We are still using store bought washing powder because it is half the price of the organic, waste free one. I am desperate to make the move because it is just better but I can’t justify it right now because with 5 people in the house we do a lot of washing.

I am trying out the So Pure dishwasher gel this month and will see how long it lasts but I am hoping we can make that switch.

The reality with cleaning products is that the natural, waste-free options are more expensive. So we are making small changes that work with our budget. I have bought a few items from Pick n’ Pays Green Range. They are pretty reasonable priced but I do suspect a little greenwashing is happening in their marketing.

If you are making the switch to more waste-free products, I would suggest you start with one item a month. If you are buying kitchen cleaner, all purpose cleaner, bleach etc – stop buying one. I promise you, you will still be able to clean your home.

Personal Care

This one is a very personal one and I think we have found a solution that works for us.

My personal motivation for this one was not only living more waste-free but also switching to organic, natural products, reducing the chemicals we are using on our body.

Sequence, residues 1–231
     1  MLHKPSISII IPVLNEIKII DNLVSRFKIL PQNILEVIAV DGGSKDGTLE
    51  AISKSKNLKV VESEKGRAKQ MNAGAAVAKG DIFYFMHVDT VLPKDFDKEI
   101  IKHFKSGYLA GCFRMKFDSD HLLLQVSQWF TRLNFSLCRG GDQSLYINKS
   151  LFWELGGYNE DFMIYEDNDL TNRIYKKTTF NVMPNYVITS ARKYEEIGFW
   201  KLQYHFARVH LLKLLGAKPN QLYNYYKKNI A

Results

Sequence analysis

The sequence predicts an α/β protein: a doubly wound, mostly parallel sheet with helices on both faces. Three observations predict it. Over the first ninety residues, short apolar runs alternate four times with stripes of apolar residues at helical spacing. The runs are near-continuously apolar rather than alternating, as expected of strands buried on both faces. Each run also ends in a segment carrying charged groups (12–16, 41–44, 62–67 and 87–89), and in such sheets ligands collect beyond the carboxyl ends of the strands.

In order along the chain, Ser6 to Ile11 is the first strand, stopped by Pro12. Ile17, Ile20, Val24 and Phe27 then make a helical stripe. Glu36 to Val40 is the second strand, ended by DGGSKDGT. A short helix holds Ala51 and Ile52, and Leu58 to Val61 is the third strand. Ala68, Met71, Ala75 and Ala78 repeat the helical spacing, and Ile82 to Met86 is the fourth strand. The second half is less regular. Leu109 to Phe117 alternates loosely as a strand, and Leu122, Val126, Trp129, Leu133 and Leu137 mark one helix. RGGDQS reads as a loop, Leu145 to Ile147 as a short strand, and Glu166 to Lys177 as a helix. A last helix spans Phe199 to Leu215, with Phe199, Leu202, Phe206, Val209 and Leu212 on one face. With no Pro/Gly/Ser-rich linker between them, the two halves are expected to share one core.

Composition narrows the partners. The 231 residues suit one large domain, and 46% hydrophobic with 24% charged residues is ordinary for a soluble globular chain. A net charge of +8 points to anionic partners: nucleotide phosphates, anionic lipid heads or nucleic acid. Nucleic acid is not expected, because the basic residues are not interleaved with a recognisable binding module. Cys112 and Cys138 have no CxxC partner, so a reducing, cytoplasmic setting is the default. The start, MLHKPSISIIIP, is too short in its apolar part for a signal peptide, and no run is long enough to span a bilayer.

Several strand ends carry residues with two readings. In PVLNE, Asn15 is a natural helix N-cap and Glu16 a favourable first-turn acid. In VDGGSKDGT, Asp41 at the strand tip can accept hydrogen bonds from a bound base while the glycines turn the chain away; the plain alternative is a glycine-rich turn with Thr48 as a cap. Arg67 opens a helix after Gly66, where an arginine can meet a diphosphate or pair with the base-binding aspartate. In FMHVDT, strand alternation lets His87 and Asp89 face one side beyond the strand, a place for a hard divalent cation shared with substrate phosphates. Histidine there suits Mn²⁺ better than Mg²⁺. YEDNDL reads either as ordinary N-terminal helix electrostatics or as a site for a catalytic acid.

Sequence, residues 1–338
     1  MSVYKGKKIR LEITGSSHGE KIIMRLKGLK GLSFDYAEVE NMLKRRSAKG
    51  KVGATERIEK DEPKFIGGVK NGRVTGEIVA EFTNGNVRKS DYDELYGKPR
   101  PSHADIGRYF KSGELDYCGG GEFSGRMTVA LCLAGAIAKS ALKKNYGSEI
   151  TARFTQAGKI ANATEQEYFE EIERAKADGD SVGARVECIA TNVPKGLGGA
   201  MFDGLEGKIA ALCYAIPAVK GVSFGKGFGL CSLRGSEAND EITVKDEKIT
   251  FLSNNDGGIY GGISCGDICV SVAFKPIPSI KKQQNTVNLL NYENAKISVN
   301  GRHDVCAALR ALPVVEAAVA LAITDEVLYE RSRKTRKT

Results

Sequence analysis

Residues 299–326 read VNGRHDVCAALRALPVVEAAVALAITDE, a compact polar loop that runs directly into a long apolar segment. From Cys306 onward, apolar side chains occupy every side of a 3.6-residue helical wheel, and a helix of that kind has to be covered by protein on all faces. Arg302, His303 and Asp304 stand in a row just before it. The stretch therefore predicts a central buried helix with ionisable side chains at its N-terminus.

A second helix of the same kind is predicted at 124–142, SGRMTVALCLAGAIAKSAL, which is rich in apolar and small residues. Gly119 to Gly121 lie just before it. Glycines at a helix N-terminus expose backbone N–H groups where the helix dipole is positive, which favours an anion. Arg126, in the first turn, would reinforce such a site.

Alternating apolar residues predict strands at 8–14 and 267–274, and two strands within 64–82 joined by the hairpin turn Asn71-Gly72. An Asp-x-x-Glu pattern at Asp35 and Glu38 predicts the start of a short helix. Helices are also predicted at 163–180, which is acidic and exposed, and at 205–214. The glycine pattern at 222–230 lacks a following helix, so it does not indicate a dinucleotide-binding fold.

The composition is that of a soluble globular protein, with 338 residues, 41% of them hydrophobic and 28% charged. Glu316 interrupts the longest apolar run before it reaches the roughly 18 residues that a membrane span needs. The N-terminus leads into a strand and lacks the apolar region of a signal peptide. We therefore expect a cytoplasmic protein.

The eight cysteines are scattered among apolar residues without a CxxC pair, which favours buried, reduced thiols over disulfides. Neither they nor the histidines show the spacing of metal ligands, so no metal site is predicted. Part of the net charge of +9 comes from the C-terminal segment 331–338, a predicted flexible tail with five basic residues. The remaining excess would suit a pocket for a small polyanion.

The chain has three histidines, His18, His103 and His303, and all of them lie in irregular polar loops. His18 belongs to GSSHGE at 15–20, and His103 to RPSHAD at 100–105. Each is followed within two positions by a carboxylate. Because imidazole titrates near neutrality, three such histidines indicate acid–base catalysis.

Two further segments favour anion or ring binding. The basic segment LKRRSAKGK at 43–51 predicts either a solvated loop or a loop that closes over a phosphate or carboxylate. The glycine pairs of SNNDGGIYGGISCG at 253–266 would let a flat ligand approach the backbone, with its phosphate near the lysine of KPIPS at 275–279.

We are now all using bamboo toothbrushes and while they are more expensive that those packs you can get at Dischem, they aren’t something we buy everyday so I work it into the budget.

I use the Unwrapped soap bars and the kids are currently using Yorbas clay body wash. They do still come in plastic containers but we reuse them and the products are natural and do have some organic ingredients in.

We have also found the right shampoo bars for us all, we get them from the Refillery every second month or so. The price here works out exactly the same, if not cheaper actually.

Kiara and I have switched over to menstrual cups so while there is an initial outlay, we will save in the long run and it is so much kinder to our bodies.

It has taken us over a year to get to this point and lots of trial and error to find products that work for all of us and that work with our budget.

In Conclusion

So what’s the conclusion? If I have to look at it objectively, I would say that we spend the same amount of money each month BUT the biggest difference is that I use everything we buy and I no longer wonder around the supermarket buying things that I don’t really need.

Basically all I buy from the supermarket now is mayo, tomato sauce, some tinned items (mainly beans), butter and our laundry detergent. I actively try to avoid going to the shops which by default means we save money.

You can’t make the switch over night, it is a process to find brands and product that work for you and what is important to you. But if you do a little research you might find that waste-free living is not as expensive as you think!